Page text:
Green New Deal champion Congresswoman Alexandria Ocasio-Cortez has criticized Biden’s plan, claiming that it doesn’t do nearly enough to combat the looming climate crisis.
- President Biden unveiled a $2 trillion infrastructure plan – the American Jobs Plan that supposedly addresses the climate change and job loss debate which the earlier Green New Deal lacked.
- The Opposition leaders, Republicans have called the deal a rehash of the GND and criticizing the package as being too large.
- How is Biden’s New Infrastructure Plan any different from the earlier drafted Green New Deal?
- Biden intends to tax the wealthiest Americans over the course of 15 years to fund his American Jobs Plan.
US President Joe Biden unveiled a $2 trillion infrastructure plan – dubbed as the American Jobs Plan – at an event in Pittsburgh, Pennsylvania last month. The plan that promises to upgrade and overhaul America’s infrastructure, taking a double-pronged approach to fight climate change as well as create new jobs in the process has, predictably, stirred up a debate storm.
Reacting to Biden’s claim that this transformational effort could pave the roadmap for the “most resilient, innovative economy in the world”, the Republicans have called it a rehash of the Green New Deal. On the other hand, Green New Deal champion Congresswoman Alexandria Ocasio-Cortez has criticized Biden’s plan, claiming that it doesn’t do nearly enough to combat the looming climate crisis.
So, is Biden’s new infrastructure plan an old wine in a new bottle? Can it serve as a concrete foundation for a comprehensive climate change policy? Let’s take a look:
What is the Green New Deal?
The Green New Deal (GND), which is inspired by US President Franklin D. Roosevelt’s New Deal to combat the Great Depression, seeks policy-level transformation to address the issue of climate change. To that end, it calls for increased investment in renewable, clean energy as well as harnessing sustainable resources, and blending these efforts with Roosevelt’s economic agenda of job creation and closing the gap of economic inequality.
In line with these objectives, Congresswoman Ocasio-Cortez, along with Senator Edward Markey, released a 14-page GND resolution. The “Congressional resolution that lays out a grand plan for tackling climate change” calls for the US to lead the way in emission reduction, working toward the goal of net-zero greenhouse gas emission by 2030. And do so while creating jobs, increasing minimum wages, establishing accessible healthcare for all.
Watch: What is the proposed Green New Deal?
Is Biden’s Plan a Rehash of the GND?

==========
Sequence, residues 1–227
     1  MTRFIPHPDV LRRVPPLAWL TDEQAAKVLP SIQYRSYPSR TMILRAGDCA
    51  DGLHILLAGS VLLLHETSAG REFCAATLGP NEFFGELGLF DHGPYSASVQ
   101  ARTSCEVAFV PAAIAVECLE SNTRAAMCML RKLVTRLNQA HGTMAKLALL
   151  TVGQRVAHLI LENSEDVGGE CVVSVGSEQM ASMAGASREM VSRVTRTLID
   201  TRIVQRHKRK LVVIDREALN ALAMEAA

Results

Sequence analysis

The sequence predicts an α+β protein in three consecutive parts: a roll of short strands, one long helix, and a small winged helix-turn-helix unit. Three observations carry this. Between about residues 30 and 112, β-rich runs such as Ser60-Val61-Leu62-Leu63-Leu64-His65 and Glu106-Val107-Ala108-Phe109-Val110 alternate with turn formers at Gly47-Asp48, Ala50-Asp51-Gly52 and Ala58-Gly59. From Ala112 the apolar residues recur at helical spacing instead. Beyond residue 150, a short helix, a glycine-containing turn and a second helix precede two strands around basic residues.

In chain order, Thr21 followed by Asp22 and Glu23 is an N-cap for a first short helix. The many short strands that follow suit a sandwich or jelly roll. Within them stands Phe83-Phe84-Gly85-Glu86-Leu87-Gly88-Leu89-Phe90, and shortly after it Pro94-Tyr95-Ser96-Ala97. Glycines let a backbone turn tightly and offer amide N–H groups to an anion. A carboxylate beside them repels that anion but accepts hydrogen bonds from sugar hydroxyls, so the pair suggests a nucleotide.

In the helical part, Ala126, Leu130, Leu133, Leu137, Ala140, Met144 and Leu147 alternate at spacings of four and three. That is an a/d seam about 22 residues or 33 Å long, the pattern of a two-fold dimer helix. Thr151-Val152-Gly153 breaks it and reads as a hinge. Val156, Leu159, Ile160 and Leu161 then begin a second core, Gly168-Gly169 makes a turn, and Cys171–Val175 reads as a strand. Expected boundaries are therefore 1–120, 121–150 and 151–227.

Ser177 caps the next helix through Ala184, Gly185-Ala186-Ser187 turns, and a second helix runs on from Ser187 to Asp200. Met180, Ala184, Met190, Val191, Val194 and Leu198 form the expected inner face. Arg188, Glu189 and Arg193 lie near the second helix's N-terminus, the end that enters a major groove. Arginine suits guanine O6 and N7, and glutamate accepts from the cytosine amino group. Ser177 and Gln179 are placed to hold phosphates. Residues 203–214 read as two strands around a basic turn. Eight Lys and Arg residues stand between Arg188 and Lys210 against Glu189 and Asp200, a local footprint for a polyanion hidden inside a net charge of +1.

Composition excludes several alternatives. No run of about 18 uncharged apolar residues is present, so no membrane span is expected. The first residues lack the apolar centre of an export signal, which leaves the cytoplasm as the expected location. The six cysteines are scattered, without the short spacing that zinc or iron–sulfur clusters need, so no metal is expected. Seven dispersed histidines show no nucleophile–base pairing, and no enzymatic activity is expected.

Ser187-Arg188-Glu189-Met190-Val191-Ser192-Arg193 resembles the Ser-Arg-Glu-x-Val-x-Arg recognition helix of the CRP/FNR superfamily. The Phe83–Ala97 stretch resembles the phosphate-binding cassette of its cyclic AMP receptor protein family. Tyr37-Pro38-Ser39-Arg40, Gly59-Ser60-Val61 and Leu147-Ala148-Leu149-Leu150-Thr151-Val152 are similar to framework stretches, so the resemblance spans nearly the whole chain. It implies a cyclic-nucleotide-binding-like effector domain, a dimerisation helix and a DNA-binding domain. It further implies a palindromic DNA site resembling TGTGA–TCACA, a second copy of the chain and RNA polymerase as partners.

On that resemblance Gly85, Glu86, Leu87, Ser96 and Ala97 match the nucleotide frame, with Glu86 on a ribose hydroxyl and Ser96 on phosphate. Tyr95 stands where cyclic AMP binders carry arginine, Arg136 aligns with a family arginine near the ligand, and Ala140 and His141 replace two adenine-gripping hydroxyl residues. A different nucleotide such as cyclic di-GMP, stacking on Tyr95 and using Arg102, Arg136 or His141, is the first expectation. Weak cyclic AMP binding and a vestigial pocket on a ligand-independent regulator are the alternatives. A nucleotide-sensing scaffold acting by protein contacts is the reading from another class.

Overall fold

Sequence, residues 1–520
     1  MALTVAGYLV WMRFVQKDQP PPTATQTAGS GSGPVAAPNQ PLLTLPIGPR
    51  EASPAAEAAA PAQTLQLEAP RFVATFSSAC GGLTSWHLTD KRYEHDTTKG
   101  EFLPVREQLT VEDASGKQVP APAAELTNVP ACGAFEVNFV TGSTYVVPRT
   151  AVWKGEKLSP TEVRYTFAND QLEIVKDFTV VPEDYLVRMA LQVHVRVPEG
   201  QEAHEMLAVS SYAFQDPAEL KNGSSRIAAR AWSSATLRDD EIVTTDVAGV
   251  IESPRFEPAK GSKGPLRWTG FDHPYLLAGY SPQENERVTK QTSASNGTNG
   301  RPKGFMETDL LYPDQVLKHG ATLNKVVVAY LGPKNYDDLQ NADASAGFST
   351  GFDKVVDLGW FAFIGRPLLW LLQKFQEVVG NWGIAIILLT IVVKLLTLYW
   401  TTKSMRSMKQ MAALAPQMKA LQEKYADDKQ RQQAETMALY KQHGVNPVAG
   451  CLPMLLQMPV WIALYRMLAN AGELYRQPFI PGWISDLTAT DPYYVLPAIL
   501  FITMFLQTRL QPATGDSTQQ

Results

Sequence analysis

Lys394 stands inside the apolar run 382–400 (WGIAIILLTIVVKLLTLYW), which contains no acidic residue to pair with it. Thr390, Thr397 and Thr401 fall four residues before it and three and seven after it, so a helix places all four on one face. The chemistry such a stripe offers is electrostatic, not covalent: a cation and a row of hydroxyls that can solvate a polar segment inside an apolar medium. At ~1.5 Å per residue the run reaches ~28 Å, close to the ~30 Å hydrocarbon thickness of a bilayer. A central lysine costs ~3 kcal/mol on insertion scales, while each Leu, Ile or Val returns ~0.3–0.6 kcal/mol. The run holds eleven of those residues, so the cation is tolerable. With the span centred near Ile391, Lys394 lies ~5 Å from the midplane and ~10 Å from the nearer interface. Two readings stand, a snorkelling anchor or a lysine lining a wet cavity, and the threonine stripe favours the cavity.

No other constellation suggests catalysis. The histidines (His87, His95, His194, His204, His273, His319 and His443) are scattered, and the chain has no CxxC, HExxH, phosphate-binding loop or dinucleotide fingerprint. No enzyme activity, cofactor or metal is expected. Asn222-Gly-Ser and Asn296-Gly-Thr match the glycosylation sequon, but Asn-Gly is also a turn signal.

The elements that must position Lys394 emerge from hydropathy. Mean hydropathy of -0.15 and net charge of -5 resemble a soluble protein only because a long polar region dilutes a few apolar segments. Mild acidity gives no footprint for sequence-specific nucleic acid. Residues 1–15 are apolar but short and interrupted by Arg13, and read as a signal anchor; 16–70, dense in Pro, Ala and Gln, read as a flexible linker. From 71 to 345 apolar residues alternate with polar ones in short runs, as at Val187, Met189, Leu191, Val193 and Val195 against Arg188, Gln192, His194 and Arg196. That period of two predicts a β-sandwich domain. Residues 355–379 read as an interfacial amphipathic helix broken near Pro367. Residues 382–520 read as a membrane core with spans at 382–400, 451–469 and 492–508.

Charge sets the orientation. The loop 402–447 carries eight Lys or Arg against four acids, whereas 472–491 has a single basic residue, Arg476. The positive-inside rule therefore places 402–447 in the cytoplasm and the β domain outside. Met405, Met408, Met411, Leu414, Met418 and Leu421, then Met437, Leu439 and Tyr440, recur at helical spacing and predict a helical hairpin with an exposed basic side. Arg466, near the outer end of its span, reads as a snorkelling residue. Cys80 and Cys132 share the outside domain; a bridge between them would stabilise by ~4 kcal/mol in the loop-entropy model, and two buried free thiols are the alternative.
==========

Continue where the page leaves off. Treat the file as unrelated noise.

In the first glance, President Biden’s new infrastructure plan seems to mimic the GND, touching upon the very themes highlighted in the resolution. However, a closer look at the details highlights the difference between the two. In his first Presidential Debate in 2020, Biden had categorically stated that he did not support the GND in its current shape and form.
Adding that in his version, the measures taken for sustainable change will pay for themselves. Much like the GND, Biden’s new infrastructure plan also aims to combat climate change through an increased focus on cleaner, renewable energy sources, while also improving infrastructure such as drinking water, commute time and broadband services.
However, unlike the GND, Biden’s plan put tangible figures and timelines for driving these changes. For starters, the President has put a $2 trillion price tag on reforming the US infrastructure and economy whereas the GND leaves cost estimates undefined. Biden has also proposed tax increases over a period of 15 years to foot these costs.
Another key difference between the two initiatives is that Biden’s plan places a 2050 deadline to meet the net-zero emission goals, as opposed to 2030 of the GND. Experts believe the former to be a more realistic goal. The plan also paves the way for a Climate Conservation Corps with primary goals of expanding the electric vehicle market in the US as well as conserving public lands.
In addition to this, the infrastructure overhaul proposal allocates hefty funds for different verticals – $621 billion for transportation, $400 billion for home care services and workforce, $300 billion for manufacturing, $213 billion for housing, $180 billion for research and development, $111 billion for water, $100 billion each for schools, digital infrastructure and workforce development, and $18 billion for veterans’ hospitals and federal buildings.
How will Biden Pay for it?
The question looming over this ambitious plan is how the President plans to foot the enormous cost of transforming America’s infrastructure and economy. Biden has said that the spending that would take place over a span of eight years would be recovered through increased taxes in 15 years, eventually leading to levelling out of the budget deficit. The key areas where President Biden intends to raise taxes include:
- Corporate Tax: Biden is proposing raising corporate income tax from 21% to 28%.
- Tax on book income: A minimum tax of 15% on book income – which is the income corporations report to investors – rather than taxing income reported to Internal Revenue Services
- Global minimum tax: To deter sheltering profits in tax havens abroad, the plan seeks to increase minimum tax on US-based multinational corporations to 21%. The income for this tax will be calculated on a country-by-country basis.
- Corporate inversions: Setting in place deterrents for US companies to merge with foreign businesses with an objective of avoiding taxes.
In theory, the infrastructure plan seems like a robust policy decision capable of driving long overdue change. However, the proposal still needs the approval of the US Congress and Senate, where it could be diluted, amended, altered on many levels. The finish line is not in sight yet, but at least, the first step has been taken.